The positive impacts of parks can be life changing—quite literally. How close you live to a park has a strong correlation to how long you’ll live. In Seattle, there is a ten-year difference in life expectancy between wealthier neighborhoods with better access to parks and public spaces compared to lower-income neighborhoods. The Centers for Disease Control (CDC) declared that access to parks, “encourages community residents to participate in physical activity and do so more often. The closer you live to a park, the more likely you are to walk or bike to those places, and use the park for exercise.” A 2014 study also found that people who lived in neighborhoods with more green space had fewer symptoms of depression, anxiety, and stress.
The statistics are alarming and the benefits of parks to human and community health, and to the bottom line are clear. According to the CDC:
- Nearly half of U.S. adults have chronic health conditions such as heart disease, diabetes, and obesity.
- One in three children in the U.S. is either obese or overweight.
- Mental illness affects more than 43 million Americans each year.
- As a country, we are spending $2.3 trillion annually managing and treating chronic and mental health conditions per year.
- Maintaining a healthy weight saves $1,500 per person in healthcare costs per year.
If we are to leverage the power of parks, we need the support not just from environmental advocates, but also to include health practitioners, business leaders, and institutional partner as champions. Strengthening that public-private mix is exactly the purpose of the PARKXCHANGE workshops. In collaboration, Seattle Parks Foundation, City Parks Alliance and others are taking new steps every day to expand the web of community partnerships to help cities tackle these challenges holistically and create a new form of civic infrastructure. To ensure this narrative continues to grow and evolve, we must reimagine city parks as more than nice-to-have features and see them as city-building tools.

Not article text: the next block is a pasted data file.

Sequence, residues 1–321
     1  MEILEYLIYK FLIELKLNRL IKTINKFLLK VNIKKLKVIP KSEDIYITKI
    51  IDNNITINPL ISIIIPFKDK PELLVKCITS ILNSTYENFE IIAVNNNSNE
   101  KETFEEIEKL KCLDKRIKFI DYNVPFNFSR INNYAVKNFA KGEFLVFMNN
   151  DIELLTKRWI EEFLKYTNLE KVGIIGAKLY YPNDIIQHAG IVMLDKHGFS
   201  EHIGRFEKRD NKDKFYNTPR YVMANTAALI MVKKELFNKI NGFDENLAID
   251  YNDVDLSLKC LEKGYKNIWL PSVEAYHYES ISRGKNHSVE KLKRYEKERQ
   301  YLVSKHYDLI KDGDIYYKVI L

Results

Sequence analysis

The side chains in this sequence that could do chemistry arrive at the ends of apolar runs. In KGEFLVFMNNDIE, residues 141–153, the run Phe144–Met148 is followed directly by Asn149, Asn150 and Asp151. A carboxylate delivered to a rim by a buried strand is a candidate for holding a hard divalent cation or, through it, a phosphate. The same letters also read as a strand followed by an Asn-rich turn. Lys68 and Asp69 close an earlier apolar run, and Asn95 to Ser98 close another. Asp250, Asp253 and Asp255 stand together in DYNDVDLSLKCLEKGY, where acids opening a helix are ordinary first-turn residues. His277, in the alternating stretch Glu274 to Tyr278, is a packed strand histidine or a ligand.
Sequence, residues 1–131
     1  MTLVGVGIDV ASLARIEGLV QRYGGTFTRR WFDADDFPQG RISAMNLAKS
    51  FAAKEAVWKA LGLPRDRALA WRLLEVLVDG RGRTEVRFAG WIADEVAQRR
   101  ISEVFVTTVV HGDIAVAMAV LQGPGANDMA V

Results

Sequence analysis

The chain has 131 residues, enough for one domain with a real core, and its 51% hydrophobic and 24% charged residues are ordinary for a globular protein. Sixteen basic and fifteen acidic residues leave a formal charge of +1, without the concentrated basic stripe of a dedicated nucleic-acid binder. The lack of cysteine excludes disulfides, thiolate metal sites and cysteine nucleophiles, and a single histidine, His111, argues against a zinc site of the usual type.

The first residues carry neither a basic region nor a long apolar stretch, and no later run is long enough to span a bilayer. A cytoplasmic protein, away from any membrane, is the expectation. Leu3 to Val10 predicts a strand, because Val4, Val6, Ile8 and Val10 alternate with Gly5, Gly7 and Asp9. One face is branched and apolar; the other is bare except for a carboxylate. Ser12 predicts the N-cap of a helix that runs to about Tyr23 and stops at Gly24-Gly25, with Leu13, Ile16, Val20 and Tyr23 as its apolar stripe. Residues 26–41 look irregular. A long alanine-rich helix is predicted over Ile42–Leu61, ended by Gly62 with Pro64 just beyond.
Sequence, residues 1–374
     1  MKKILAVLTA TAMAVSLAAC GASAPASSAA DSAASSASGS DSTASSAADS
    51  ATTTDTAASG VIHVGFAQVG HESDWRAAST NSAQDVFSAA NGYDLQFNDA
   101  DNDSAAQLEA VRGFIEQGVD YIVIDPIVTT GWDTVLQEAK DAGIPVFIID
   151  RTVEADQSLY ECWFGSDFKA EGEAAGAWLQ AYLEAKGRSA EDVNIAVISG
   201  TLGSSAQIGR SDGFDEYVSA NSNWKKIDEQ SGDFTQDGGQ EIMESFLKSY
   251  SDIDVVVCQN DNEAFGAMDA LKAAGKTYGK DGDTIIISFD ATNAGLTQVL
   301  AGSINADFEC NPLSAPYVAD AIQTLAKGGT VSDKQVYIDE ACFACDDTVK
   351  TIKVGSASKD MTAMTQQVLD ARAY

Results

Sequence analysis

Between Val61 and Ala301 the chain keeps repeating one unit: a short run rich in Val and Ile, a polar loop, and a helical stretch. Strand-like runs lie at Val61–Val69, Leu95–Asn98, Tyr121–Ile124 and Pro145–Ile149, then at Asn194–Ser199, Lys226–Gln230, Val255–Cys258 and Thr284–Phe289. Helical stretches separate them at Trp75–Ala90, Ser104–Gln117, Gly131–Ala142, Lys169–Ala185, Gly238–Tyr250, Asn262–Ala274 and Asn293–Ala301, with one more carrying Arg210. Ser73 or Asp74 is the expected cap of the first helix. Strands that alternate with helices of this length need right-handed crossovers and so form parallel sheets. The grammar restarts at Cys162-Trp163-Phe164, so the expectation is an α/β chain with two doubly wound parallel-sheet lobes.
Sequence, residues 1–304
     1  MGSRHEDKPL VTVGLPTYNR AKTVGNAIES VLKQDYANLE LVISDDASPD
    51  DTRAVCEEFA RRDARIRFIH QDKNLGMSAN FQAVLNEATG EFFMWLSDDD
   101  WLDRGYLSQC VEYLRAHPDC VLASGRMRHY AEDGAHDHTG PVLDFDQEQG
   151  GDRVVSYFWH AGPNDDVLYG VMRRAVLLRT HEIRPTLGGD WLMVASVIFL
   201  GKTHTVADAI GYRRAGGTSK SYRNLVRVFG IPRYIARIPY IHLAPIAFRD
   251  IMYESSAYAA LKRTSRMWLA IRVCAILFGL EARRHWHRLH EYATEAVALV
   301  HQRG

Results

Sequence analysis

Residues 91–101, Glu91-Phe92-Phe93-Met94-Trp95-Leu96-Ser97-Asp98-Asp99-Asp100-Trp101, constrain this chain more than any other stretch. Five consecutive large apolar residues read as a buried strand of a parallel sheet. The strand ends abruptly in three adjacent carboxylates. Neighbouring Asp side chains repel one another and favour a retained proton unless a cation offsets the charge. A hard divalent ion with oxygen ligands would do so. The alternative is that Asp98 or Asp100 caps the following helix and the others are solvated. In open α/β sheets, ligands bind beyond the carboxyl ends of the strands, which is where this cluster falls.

Leave your comment below, or reply to others.
Please note that this comment section is for thoughtful, on-topic discussions. Admin approval is required for all comments. Your comment may be edited if it contains grammatical errors. Low effort, self-promotional, or impolite comments will be deleted.
Read more from the Meeting of the Minds Blog
Spotlighting innovations in urban sustainability and connected technology
Shifting to a high-tech mobility future is challenging transportation experts to think in a different way. It used to be the car was the common thread for all this data, but we are now making room for so many new modes, and new ways to gather analytics for those modes.
We’re at the point where we have plenty of data, now it’s time to start understanding these issues and how they interact. Mobility experts have created measurement tools, but not as much thought about how they all come together for the bigger picture.
Big Data is helping integrate these data flows, making sense of disparate sensors and creating a single-source “dashboard” that gives cities a whole new level of insight into the modes on their streets.
The Brooklyn District Attorney’s office reforms provide an excellent example of behavior change requiring attention and effort on many fronts. From systems and technology, to human resources and processes, multiple changes have been underway in parallel within this organization.
During the Mobilize Summit, urban transport and development practitioners come together alongside world-class researchers to celebrate best practices and accelerate implementation of sustainable transport projects grounded in equity. All the panelists agreed about the need to help decision-makers trust and believe that change is possible. “For instance, everyone thought rampant bike theft in Medellín would be the inevitable downfall of our bike share program, but it just didn’t happen that way,” explained Lina. “Our early adopters were the ‘rock stars’ who helped change hearts and minds simply through their passionate embrace and adoption of cycling.”